Celebrating the 2016 Community Scholars

Stanford F. Blade — Dean, Faculty of ALES

University of Alberta Community Connection Awards - Pure Prairie Eating Plan

Catherine Chan and Rhonda Bell are both professors of Human Nutrition in the Faculty of ALES, focused on how diets affect diabetes. As a part of a four-year research project called Physical Activity and Nutrition for Diabetes in Alberta, they produced a breakthrough tool — monthly menu planning that is practical, simple and sustainable for people with type 2 diabetes, and improves blood sugar levels.

Knowing their scholarly approach was not a fad diet, but one that used locally available foods, and a variety of carb, fats and protein sources, they took the initiative to translate their expertise into a guide accessible by everyone living on the Canadian Prairies. In December 2013, they self-published “The Pure Prairie Eating Plan,” a meal planner/recipe book that has become influential in communities far beyond the Prairies and the University of Alberta. After two-plus years of promotion, its impact is still widening.

The 28-day menu plan (a.k.a. PPEP) includes recipes, shopping lists and nutritional information, using foods which are commonly grown and consumed in the Prairie Provinces. Every inclusion was guided by the premise that to trigger healthy eating, food must be accessible, acceptable and available.

Nearly 4,000 copies have been bought by the general public and health-care professionals (primarily dieticians or diabetes educators) across Canada. The plan’s website, blog, quarterly newsletter and Facebook page makes Catherine and Rhonda’s evidence-based results available internationally, and have garnered acclaim for the U of A. On Amazon.com, 91 per cent of reviews give it 4 or 5 stars (of 5).

PPEP has also sparked other community-focused projects. Catherine and Rhonda are working with Alberta Health Services developing a pilot project for a community kitchen for seniors, using the plan as the educational resource/recipe book. Health Canada purchased a large number of books for its programming in Aboriginal communities. Catherine and Rhonda will soon be evaluating its utility in a primary care setting.

Catherine and Rhonda have given away copies at events with a high concentration of health professionals, and to sponsors in exchange for robust financial assistance from many provincial commodities groups. Agricultural organizations, such as the Alberta Livestock and Meat Agency, bought extra copies for conferences and other promotions. The Alberta Diabetes Foundation and Alberta Diabetes Institute promote it as evidence of translational research occurring under their auspices. It’s been noticed internationally by other audiences through its inclusion in Tim Caufield’s book, “The Cure for Everything,” which describes his family using it as a dietary intervention. It’s also available from each of Amazon.ca/.ca/.uk/.in, from PPEP’s own online store.

All this practical sharing of Catherine and Rhonda’s scholarship with so many communities is entirely due to their ongoing commitment to publicize and distribute their research widely, in a mass-market format, while extracting no personal benefit. In fact, their efforts required considerable donation of their time.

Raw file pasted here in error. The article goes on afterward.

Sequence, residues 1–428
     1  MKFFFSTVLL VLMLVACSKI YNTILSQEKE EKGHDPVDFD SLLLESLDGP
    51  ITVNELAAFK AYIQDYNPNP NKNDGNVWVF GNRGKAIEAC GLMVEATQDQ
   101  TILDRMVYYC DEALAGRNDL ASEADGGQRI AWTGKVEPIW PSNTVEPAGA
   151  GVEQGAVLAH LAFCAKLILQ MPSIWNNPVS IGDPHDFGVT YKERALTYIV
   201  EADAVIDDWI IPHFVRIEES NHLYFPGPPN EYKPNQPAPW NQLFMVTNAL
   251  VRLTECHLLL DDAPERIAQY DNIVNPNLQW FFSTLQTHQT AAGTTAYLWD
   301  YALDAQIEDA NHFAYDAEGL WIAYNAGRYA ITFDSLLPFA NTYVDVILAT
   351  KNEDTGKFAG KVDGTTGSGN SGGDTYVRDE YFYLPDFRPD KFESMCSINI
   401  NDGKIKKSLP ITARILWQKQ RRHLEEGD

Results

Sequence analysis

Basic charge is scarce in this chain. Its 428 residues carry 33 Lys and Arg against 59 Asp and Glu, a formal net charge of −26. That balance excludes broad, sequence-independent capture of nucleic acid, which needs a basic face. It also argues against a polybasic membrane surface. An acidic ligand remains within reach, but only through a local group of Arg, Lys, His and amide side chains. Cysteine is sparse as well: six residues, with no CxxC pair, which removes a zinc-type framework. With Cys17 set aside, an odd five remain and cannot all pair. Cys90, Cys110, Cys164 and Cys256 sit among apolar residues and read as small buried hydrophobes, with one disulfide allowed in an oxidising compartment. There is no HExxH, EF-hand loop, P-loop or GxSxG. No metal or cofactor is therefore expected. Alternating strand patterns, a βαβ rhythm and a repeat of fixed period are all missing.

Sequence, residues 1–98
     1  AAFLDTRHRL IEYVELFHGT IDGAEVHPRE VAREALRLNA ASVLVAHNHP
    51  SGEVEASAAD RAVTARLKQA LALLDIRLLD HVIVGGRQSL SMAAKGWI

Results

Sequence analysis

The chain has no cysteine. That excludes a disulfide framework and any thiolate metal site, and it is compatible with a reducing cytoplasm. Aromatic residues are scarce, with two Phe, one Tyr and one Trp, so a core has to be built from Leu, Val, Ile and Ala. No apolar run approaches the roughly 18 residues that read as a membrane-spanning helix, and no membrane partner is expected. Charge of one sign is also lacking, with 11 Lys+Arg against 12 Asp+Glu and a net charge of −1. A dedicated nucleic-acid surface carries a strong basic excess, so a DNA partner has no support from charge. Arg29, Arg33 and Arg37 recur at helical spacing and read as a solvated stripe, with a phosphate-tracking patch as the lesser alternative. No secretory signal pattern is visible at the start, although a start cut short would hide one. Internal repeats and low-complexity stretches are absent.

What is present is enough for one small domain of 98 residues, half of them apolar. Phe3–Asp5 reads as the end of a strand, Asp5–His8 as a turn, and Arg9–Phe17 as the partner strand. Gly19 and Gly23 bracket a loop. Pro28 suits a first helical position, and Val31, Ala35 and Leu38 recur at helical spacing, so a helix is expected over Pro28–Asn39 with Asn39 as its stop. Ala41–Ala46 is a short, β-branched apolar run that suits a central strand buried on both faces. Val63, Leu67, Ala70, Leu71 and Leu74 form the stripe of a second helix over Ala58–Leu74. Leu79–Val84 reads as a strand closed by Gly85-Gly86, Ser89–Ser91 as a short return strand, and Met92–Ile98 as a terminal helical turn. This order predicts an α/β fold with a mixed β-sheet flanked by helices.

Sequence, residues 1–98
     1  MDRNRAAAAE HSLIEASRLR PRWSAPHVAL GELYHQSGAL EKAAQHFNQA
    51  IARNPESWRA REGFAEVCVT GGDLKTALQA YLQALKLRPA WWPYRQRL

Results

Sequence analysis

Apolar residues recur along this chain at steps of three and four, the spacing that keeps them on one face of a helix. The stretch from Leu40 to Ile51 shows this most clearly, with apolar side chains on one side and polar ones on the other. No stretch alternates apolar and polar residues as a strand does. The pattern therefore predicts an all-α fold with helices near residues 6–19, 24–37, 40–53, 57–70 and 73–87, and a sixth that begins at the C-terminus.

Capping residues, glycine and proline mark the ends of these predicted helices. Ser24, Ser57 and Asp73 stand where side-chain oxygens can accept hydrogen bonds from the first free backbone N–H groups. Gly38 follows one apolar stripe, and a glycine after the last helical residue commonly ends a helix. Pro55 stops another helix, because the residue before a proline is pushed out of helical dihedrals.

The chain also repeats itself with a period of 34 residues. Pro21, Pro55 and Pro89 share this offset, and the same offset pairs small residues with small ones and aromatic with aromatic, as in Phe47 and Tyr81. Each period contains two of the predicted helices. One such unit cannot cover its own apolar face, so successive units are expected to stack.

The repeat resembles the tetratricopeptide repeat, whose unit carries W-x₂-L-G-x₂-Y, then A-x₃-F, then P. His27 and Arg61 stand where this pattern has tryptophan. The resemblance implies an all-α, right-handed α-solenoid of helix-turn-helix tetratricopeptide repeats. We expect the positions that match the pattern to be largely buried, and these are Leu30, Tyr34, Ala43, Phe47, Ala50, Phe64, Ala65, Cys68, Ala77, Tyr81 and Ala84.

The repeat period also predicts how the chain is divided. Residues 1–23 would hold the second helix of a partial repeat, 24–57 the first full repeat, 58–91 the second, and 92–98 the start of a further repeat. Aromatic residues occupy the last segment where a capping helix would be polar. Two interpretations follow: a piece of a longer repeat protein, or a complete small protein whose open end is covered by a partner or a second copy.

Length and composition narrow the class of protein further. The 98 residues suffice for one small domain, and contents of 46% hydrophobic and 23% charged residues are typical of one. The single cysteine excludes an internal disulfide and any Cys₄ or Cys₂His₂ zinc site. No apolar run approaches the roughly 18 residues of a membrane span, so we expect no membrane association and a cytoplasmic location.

The publication’s preparation was a year-long process that included securing sponsors; revising the resource so it was family-friendly (based on research-participant feedback); engaging a chef to develop new recipes; liaising with agricultural commodities groups for recipes and sponsorship; engaging and supervising a project manager, graphic designer, food photographer, editor, student support and their own spouse-volunteers. Catherine and Rhonda spent hours analyzing recipes and menus for nutritional content, editing copy and photos, and developing a marketing plan. Once PPEP was published, they devoted many weekends and evening hours to promoting it, being interviewed by media, giving talks to various organizations, attending diabetes Expos across Alberta, and supplying bookstores and events.

While still attending to their duties as professors, they continue to devote personal time to this endeavour by promoting it at such conferences and book signings. They’ve also begun work on a sequel publication that will examine seasonal influences on food availability and cooking practices.

The team’s scholarly influence on communities outside the university is significant, because unlike thousands of other diets PPEP is not predicated on the denial of foods or food groups. It is consistent with the advice in Eating Well with Canada’s Food Guide, and with the Nutrition Therapy guidelines of the Canadian Diabetes Association. So, it’s easy for dieticians to recommend. As one wrote, educational information on ingredients such as legumes “help to ease the anxiety of those who may be trying an ingredient for the first time,” while tips to reduce each recipe’s calories, and per-serving and daily nutritional information “makes it useful for people with specific dietary needs.”

Catherine Chan and Rhonda Bell created an appealing, ground-breaking and sustainable vehicle that drives news of their research on healthy eating into communities needing it. This useful resource enhances the U of A’s reputation for excellent research, promoting social dividends, and for leading and uplifting. We believe this team richly deserves a 2016 Community Connections Award.


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Stanford F. Blade — Dean, Faculty of ALES

Stan Blade is dean of the faculty of agricultural, life and environmental Sciences at the University of Alberta. Previously, he had been CEO of Alberta Innovates — Bio Solutions.

Community Connection Awards

When: Monday, May 2
Time: 12:00 P.M. — 1:00 P.M.
Where: City Room, City Hall

A dessert reception will follow the presentation